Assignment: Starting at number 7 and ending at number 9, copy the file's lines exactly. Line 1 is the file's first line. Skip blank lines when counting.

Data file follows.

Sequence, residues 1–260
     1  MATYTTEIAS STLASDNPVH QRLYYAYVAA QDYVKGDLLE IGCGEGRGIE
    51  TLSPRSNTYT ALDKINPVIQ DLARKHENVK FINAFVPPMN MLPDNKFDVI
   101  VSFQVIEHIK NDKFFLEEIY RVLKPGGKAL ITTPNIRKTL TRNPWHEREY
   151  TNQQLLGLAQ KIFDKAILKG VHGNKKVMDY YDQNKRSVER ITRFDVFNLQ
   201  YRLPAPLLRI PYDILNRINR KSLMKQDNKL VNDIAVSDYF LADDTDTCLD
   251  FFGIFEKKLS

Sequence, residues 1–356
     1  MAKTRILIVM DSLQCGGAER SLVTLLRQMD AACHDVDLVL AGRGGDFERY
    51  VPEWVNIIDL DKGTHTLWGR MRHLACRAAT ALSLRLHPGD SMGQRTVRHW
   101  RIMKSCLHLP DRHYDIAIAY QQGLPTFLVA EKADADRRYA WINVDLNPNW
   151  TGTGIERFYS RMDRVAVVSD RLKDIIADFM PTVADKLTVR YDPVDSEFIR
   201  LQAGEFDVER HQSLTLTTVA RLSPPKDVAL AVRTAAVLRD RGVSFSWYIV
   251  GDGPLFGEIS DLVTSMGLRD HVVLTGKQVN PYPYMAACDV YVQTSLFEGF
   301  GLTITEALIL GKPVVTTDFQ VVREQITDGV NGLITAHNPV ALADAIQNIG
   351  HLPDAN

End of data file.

   251  FFGIFEKKLS

Sequence, residues 1–356
     1  MAKTRILIVM DSLQCGGAER SLVTLLRQMD AACHDVDLVL AGRGGDFERY